How to fill your yard with hummingbirds!

Published 11:29 am Wednesday, July 12, 2017

By Pat Drackett, Director, The Crosby Arboretum, MSU Extension Service

Would you like to know the secrets to filling your yard with hummingbirds? On Saturday, July 22, long-time hummingbird bander James Bell will reveal how you can make your property a magnet to these dazzling birds.

In his program at Crosby Arboretum, James will talk about what is going on in the hummingbird’s life, such as why they fight so much, how they feed, and simple tips and tricks to attract them.

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Hummingbirds are amazing! The tiny birds can hover, and even fly upside down to access a flower, and beat their wings about fifty times a second. They fly across the Gulf of Mexico to overwinter in Central America, and migrate through our area in spring and fall.

Did you know you can track the seasonal hummingbird migration? See where the birds are being spotted in the spring and fall migration periods on the Journey North website at You can also report your own sightings.

It is great fun to watch hummingbirds cavorting around feeders, and I’ve known people who will maintain a dozen feeders or more during the migration periods. But if you are new to using the feeders, it’s important to know that the sugar water mixture ferments quickly, producing toxic alcohol. Change the mixture before it becomes cloudy. This can be at least twice a week during hot weather, which causes more rapid fermentation.

You don’t need to purchase special sugar water mixtures. Plain white table sugar is best, at the rate of about a quarter cup of sugar to a cup of water. Raw or organic sugars are not recommended, as they can contain harmful amounts of iron. Don’t use honey to sweeten the water, as it can promote fungal growths. When cleaning, a solution of one part white vinegar to four parts water can be used.

Locate your feeder in a shady place, such as under porch eaves. This will slow the fermentation of the sugar mixture, and prevent the development of molds and fungi. Finally, keep feeders away from areas where cats can hide and prey upon the birds.

Provide plants with the blooms hummingbirds prefer is a great way to attract these beautiful creatures to your garden. We’ve spotted them this year feeding on the Pentas, Salvia, and Coral Honeysuckle in our pollinator garden.

Hummingbirds are attracted to red or orange flowers that are tubular in shape, such as trumpet creeper, red buckeye, coral bean, and cardinal flower. As the tiny birds lap up nectar, pollen is taken up as well, and transferred as they visit the blooms.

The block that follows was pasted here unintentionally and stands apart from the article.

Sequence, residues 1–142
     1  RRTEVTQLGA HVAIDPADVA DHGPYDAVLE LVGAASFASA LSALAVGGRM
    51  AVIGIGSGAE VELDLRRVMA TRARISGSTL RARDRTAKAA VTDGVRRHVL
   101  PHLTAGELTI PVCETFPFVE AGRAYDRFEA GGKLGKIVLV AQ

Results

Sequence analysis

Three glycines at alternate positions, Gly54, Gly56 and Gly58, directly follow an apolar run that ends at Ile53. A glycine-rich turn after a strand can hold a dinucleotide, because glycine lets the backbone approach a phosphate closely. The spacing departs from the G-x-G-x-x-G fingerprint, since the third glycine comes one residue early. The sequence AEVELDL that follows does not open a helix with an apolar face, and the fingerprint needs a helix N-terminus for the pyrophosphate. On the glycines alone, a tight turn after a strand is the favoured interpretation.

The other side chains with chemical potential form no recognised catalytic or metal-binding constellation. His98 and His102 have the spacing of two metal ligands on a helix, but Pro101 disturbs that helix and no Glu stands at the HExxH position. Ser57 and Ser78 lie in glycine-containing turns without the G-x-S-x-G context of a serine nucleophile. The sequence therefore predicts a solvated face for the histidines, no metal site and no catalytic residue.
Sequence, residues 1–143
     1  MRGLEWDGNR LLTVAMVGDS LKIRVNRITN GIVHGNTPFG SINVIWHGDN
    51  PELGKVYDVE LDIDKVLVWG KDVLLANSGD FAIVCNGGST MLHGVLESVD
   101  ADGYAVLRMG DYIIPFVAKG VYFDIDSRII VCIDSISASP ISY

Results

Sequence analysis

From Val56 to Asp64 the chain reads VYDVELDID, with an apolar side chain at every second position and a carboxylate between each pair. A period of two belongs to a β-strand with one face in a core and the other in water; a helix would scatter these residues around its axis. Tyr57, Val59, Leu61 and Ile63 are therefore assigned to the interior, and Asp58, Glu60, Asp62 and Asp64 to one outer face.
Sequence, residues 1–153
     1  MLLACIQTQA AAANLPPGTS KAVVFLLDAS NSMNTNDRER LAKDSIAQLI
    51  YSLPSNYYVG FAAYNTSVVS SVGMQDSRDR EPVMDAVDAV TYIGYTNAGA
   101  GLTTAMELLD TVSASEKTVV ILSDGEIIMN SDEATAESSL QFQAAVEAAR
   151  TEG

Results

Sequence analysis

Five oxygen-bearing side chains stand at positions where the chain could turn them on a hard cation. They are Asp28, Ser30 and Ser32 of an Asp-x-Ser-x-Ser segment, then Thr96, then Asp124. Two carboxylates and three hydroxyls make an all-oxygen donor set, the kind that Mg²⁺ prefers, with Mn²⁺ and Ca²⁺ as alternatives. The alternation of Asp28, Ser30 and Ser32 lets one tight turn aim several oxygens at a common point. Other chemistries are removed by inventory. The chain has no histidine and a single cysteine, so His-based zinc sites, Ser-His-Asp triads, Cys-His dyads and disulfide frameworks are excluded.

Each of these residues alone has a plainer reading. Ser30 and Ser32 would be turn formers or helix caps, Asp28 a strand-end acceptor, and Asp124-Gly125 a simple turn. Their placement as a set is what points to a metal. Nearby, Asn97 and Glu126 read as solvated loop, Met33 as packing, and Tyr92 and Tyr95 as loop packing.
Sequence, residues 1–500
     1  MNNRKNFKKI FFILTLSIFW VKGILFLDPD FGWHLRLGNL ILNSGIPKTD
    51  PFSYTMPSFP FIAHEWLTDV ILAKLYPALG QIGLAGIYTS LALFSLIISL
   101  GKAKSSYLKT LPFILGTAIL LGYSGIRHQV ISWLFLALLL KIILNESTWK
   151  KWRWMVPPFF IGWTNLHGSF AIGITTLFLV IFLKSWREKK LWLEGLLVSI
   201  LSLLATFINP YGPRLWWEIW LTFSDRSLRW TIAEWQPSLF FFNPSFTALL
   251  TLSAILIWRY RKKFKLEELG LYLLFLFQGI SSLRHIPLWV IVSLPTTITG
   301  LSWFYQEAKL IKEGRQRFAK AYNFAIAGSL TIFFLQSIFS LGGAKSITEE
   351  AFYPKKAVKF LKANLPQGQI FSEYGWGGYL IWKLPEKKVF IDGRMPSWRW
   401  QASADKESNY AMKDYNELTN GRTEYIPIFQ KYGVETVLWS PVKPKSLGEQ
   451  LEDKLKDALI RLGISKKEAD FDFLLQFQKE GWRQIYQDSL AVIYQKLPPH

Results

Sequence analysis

But hummingbirds don’t live on nectar alone. They also eat small spiders and insects such as fruit flies and ants for protein. Interestingly, they will feed on tree sap through the holes drilled by other birds such as woodpeckers or sapsuckers.

To read more about hummingbirds and plants to attract them, visit the MSU Extension Service website at Enter “hummingbirds” in the search field to access many informative articles, including one titled “Attracting Hummingbirds to Mississippi Gardens”. The Extension publication “Establishing a Backyard Wildlife Habitat” contains a list of plants that attract hummingbirds. In the top menu on the Extension website, choose “Publications” and from that page, enter “2402” to access this document, which can be downloaded and saved to your computer.

Finally, take an amazing journey. Find a child, and look up the keywords “hummingbird nest” on your favorite Internet search engine to explore images together of these tiny, delicate creations.

The Arboretum’s Hummingbird program will take place on Saturday, July 22 at 10 AM and is suited to ages 8 and up. Non-member adults, $5, non-members’ children $2. Space is limited, and pre-registration is recommended. Once the class has filled, walk-ins will not be admitted. A second class may be added immediately following the first if there is sufficient interest.

Do you enjoy writing? Plan now to attend “Bringing Nature to Life in Your Writing”, with local writer Mary Beth Magee on Saturday, July 29, from 10 AM to Noon. Non-member adults, $7.

Call 601-799-2311 to sign up for these programs. For more information, see The Arboretum is located in Picayune, I-59 Exit 4, at 370 Ridge Road (south of Walmart and adjacent to I-59).